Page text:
“From the very beginning, I wanted to make her wardrobe match her essence. Althea is very fun, light, youthful, flirty, bubbly, and a little bit spastic, so I wanted the clothes to reflect that,” Dang explains. “I never have her wearing black. Just like her personality, she takes up space. I definitely take a lot more risk with Althea’s costumes than I do in real life.”
But in the show’s freshman season, audiences quickly discovered that Althea’s perky, happy-go-lucky façade masked the trauma of an unreported sexual assault that she had suffered at the hands of her former boss. Dang was unaware of Althea’s backstory when she first auditioned for the role, but when producers sat down with her to discuss her character’s emotional journey, she says she immediately felt a lot of “pressure and responsibility to get it right.” She spoke at length with Kathryn Borel, the writer of the episode in which Althea confides in Nicky about her painful experience, and conducted her own research about the #MeToo movement and other victims of sexual assault.
“I don’t personally have firsthand experience with this, but I took the pressure off by just reminding myself that, as long as I was honest and vulnerable as possible and didn’t force anything, then I think I would do it justice,” Dang says. “There were a lot of fans and viewers who commented that this story made them feel seen and heard. [They] felt uplifted that someone could come out the other side of it as strong as Althea did. That was really rewarding for me, because if one person was affected by her story and her journey, then I feel like I’ve done my job.”
Kung Fu debuted last April amid an alarming spike in anti-Asian racism and violence, giving the show’s themes of social justice an additional, if unwelcome, resonance. The show delivered the highest total viewership numbers for a Wednesday debut on The CW in more than seven years and led to a renewal less than a month later, allowing the cast and creative team to reunite for another 13-episode season (which is wrapping up production this week in Vancouver). “We had a lot of expectations around season 1, but now we just get to have a great show,” Dang remarks, adding that all elements of the show—including the intricate fight scenes, the interwoven storylines, and the acute attention to cultural details—have been “elevated.”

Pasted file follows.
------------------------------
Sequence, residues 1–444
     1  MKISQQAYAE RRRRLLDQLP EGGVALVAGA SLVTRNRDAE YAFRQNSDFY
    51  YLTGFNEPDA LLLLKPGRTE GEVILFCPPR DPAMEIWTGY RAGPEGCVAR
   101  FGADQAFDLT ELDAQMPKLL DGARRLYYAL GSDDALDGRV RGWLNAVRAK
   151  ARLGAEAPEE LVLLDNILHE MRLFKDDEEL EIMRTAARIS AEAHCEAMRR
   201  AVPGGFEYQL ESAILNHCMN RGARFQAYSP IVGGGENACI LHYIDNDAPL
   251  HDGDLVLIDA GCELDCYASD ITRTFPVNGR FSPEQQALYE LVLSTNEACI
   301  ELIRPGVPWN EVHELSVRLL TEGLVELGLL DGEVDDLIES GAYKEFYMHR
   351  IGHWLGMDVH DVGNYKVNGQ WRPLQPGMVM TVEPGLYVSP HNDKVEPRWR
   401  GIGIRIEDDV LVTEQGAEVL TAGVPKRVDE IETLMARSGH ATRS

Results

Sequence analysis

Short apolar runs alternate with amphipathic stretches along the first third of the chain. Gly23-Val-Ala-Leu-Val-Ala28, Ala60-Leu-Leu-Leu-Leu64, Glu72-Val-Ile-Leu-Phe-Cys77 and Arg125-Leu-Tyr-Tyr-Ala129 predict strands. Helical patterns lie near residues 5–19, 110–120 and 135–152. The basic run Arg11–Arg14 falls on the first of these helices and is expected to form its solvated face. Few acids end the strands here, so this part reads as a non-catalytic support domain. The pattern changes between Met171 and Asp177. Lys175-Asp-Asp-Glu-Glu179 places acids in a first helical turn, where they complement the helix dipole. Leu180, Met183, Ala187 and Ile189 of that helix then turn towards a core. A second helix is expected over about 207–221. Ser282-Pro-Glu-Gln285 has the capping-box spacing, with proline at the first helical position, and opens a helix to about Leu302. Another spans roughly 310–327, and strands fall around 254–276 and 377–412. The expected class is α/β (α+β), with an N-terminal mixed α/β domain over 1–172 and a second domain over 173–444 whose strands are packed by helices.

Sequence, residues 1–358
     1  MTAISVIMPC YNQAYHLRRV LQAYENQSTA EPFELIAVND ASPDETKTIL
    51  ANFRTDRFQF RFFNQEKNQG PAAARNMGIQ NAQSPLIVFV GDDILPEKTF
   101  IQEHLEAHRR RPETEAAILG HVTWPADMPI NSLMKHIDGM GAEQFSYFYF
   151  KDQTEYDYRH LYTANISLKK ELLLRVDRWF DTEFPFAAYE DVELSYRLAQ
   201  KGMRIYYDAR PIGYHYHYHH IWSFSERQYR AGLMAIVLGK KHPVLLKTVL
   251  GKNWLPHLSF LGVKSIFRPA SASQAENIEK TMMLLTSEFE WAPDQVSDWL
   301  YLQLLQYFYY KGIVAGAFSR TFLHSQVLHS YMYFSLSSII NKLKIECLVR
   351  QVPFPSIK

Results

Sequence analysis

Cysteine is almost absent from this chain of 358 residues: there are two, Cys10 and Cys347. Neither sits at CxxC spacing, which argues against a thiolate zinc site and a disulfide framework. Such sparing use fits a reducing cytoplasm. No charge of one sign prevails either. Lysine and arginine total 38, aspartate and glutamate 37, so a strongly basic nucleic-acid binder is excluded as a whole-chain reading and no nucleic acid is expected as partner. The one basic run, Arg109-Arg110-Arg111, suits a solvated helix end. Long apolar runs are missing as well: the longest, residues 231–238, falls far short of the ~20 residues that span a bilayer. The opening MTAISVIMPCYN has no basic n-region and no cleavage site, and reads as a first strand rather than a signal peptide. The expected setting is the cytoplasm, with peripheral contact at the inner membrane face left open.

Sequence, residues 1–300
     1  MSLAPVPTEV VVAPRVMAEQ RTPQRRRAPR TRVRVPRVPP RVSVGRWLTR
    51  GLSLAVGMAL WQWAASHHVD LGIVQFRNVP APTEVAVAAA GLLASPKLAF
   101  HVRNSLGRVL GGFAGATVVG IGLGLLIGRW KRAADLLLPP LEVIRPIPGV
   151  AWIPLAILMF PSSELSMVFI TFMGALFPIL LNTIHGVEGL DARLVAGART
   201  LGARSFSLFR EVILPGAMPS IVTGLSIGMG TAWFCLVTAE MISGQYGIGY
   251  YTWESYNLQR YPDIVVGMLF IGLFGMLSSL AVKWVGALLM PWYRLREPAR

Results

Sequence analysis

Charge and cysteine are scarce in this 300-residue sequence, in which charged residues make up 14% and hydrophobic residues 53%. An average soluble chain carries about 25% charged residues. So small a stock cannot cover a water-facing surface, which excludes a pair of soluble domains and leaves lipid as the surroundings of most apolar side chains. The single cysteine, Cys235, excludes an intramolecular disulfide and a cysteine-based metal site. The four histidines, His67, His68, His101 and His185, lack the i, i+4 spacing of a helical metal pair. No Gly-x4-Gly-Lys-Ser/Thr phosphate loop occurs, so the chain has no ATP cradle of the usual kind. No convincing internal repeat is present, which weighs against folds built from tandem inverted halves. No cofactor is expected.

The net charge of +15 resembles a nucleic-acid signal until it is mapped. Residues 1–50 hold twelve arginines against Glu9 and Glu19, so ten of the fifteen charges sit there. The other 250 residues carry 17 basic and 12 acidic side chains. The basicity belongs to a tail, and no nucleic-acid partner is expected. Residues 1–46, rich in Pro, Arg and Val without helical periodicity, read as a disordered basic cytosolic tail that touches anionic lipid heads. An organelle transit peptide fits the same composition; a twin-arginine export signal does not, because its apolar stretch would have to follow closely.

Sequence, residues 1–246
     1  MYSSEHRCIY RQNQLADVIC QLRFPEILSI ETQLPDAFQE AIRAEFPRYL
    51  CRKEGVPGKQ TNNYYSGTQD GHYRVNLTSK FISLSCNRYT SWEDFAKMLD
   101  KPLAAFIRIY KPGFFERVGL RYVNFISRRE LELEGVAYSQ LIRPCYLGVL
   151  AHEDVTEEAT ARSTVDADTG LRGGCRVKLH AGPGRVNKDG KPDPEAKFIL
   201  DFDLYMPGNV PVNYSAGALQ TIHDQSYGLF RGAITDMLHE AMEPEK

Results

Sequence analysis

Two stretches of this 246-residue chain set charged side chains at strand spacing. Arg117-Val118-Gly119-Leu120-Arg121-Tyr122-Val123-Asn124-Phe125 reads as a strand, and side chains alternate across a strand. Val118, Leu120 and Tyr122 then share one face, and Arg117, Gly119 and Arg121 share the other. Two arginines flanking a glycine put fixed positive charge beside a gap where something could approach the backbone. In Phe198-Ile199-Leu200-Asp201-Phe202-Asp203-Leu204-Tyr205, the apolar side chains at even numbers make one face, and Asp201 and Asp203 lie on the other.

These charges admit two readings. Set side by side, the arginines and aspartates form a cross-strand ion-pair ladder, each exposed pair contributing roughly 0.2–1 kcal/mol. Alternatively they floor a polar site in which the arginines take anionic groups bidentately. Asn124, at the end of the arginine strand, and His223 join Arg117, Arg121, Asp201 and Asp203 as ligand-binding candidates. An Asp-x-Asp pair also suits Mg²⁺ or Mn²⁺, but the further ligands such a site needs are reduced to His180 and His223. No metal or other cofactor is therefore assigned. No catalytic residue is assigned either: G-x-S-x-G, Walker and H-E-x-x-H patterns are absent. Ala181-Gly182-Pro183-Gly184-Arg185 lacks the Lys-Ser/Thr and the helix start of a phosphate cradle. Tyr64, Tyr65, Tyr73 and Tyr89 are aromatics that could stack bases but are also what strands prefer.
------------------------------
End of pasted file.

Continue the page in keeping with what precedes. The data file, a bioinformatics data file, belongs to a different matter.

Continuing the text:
“Our first two episodes [of season 2] take place during Lunar New Year festivities in San Francisco, and you get to see Chinatown light up, the parades, the dragon dances, the food, the red envelopes, and how important family is during this time,” Dang says. “I think a lot of Asian Americans are going to have a sense of pride and enjoyment watching these episodes, and non-Asian Americans are going to just see it as really cool.”
After finding her voice and getting married to Dennis (Tony Chung) at the end of last season, Althea will now be attempting to reenter the workplace, Dang previews. “She jumps back into the tech world, and she’ll quickly start to question whether she made the right decision after joining a new start-up whose goals don’t match hers,” she says. “Althea is brilliant, she works hard, she has a big heart and wants to help people, and you’ll see that she’s struggling with that. Is this really where it ends, and is this really what she wants to do?”
With the Shen family now in the know about Nicky’s extracurricular crime-fighting, everyone will also become embroiled in the effort to take down the sinister billionaire Russell Tan (Kee Chan)—and the siblings’ long-lost cousin, Mia (Vanessa Yao), could be the deciding factor. “Althea is definitely a lot more on the front lines this season,” Dang says. “Everyone coming together to help Nicky—we like to call it the Scooby gang. The Scooby gang is getting bigger.”